Three terms is a long time to be waiting to be in government when you are in the official opposition.   As a continuous group in opposition in BC this is by far the largest ever seen.  This group of 16 MLAs is unprecedented in BC history.

In the last NDP dry spell of 1975 to 1991 only had one MLA served all the way through it, Emery Barnes but he had done a term in government in 1972-75.   The only MLA in that era that served as long in opposition as the current group of 16 was Gordon Hanson who was first elected in 1979.

So far none of these MLAs have stated they will be retiring which means all 16 MLAs could be re-elected next year.   One has to wonder how these MLAs maintain their motivation.   Could this large constant group of MLAs in opposition dose the fire in the belly of all the MLAs in Victoria?   Have they become an institutionalized old guard comfortable with opposition?    

It is probably not healthy for the NDP to have 46% of their caucus having served for so long in opposition.    Whatever the outcome of the 2017 election, the NDP needs to have a lot more new blood running in the election.  No matter how good these MLAs are it is likely time for most of them to retire.

Possible Outcomes of the 2017 BC Election

In order of who likely I think the result is

  • Liberal Majority - at the moment I think this is the most likely outcome but the election is a year away and many things can happen in that year.   At this point I would say it is Christy Clark's election to lose.
  • NDP Majority - I pay closer attention to politics than the vast majority of people in BC and I can not tell you what the NDP would do as government other than not be the BC Liberals, whatever that means.   The NDP is not making a strong case for why they should be government.   The party is not resonating with the public in any significant way at the moment.
  • NDP Minority - For there to be a realistic chance of a minority government the Greens need to win more seats and just a couple more, but at least five to ten.    Each seat the Greens, or anyone else, wins, the higher the probability of a minority.   Because there is a bigger overlap between Green and Liberals and Greens and the NDP, the better the Greens do the more seats the Liberals will lose.   If the Greens can win 6 to 12 seats, which is not impossible, they will have drained off enough support from the Liberals for the NDP to win a bunch of seats and could leave us in a minority government situation.  The odds of the Greens winning more than four is not high at this time but the election is still a year away..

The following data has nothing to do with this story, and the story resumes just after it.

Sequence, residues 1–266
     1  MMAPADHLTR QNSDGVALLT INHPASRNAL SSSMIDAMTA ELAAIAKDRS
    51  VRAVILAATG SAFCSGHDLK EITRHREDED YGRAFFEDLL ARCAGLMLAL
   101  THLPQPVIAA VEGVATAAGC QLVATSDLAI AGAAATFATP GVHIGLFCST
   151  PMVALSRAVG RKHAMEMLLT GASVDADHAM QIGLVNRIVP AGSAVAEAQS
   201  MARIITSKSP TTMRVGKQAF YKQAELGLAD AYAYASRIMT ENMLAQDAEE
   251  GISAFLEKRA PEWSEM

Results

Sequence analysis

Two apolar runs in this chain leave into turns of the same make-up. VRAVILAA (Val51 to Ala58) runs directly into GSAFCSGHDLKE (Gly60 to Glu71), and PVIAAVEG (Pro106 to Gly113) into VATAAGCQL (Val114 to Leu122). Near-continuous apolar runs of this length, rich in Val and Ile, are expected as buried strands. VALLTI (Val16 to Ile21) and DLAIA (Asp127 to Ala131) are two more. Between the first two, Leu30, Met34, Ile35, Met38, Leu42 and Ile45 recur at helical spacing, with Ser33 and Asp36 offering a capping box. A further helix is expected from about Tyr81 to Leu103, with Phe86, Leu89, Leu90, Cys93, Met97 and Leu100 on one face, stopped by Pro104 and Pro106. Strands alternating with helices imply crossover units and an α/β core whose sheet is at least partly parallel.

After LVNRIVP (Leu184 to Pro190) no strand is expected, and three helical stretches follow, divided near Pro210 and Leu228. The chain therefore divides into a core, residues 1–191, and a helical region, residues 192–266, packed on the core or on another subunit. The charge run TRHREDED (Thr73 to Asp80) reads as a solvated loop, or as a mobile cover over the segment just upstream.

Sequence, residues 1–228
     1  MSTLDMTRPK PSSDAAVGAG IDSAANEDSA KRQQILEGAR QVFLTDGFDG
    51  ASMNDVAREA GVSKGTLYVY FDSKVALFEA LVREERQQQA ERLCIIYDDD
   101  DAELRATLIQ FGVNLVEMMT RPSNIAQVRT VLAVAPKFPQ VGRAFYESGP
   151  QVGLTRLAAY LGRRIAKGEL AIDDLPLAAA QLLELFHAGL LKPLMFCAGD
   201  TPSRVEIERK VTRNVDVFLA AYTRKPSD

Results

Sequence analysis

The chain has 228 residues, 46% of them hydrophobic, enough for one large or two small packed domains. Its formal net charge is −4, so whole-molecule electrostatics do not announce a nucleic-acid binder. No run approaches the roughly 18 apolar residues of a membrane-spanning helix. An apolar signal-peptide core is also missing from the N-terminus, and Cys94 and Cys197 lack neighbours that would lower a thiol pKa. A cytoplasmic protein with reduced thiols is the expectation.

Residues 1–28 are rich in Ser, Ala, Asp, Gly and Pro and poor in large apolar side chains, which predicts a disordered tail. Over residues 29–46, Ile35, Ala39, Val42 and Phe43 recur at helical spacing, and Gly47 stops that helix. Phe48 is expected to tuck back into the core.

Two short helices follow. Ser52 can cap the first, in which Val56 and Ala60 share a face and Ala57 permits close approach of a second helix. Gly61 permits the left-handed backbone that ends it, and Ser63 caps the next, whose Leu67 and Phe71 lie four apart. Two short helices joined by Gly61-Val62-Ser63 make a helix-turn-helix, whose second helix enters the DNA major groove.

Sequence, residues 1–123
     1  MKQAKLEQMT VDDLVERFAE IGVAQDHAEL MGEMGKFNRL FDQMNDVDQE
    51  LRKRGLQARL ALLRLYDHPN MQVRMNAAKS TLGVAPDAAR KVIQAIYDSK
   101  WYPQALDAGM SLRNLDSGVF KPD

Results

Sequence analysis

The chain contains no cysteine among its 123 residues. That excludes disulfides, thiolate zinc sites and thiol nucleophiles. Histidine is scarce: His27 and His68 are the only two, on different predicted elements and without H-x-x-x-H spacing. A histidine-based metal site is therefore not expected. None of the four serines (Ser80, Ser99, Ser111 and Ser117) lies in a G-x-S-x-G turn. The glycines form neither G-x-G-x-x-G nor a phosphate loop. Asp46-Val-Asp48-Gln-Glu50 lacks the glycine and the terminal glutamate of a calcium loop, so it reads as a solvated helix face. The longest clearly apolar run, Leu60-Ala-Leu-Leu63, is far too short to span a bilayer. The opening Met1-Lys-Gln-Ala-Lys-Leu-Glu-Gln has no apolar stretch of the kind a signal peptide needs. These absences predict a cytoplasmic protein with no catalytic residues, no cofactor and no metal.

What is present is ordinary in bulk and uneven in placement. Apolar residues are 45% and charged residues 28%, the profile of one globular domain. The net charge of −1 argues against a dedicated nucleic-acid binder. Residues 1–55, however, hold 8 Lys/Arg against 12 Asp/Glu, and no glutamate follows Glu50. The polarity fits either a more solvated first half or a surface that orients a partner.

• Liberal Minority -  Highly unlikely because it would require a very specific set of events to all happen and if it did I would expect it to be very close to a majority.  The result would be something like 42 Liberals, 41 NDP, 3 Greens and 1 independent.
  • Anything else - What else could there be you ask?   A completely new populist party - unlikely because I do not see the popular groundswell for this and with only a year left till the election there is not enough time left..   The Greens win a minority by winning 30 seats while the Liberals and NDP each win about 28 or 29 seats.
A this time my ball park of the odds
  1. Liberal Majority 70.00%
  2. NDP Majority 25.00%
  3. NDP Minority 4.80%
  4. Liberal Minority 0.15%
  5. Anything Else - 0.05%

Wednesday, April 6, 2016

Top 10 reasons the NDP wants to keep Mulcair

10) Official opposition is too much work, Mulcair made sure NDP MPs have a lighter work load
9) The NDP wants the hipster vote and Mulcair has a beard
8) If Mulcair is not NDP leader, who in the House of Commons will fight against the Liberal deficits?
7) The dead cat bounce, when they lose 1/2 their seats in 2019 they will hope for this again in 2023
6) Many of Canada's PMs have been white men from Quebec, Mulcair is the only viable one the NDP has
5) In 2015 the NDP did not lose, it was the public that made a mistake in how they voted, when they understand their error they will vote Mulcair in 2019 (there are people within the NDP seriously arguing this!)
4) If you do something and it goes horribly wrong, try it over and over again until it works
3) Mulcair signed a 10 year contract with no waivers and a no trade contract till 2022
2) There is no one in the NDP younger than 60 with skills or experience to lead the party.   An old white man is also the core to the NDP brand.
1) Having a popular and charismatic leader is unprincipled and the NDP will stick with Mulcair to prove that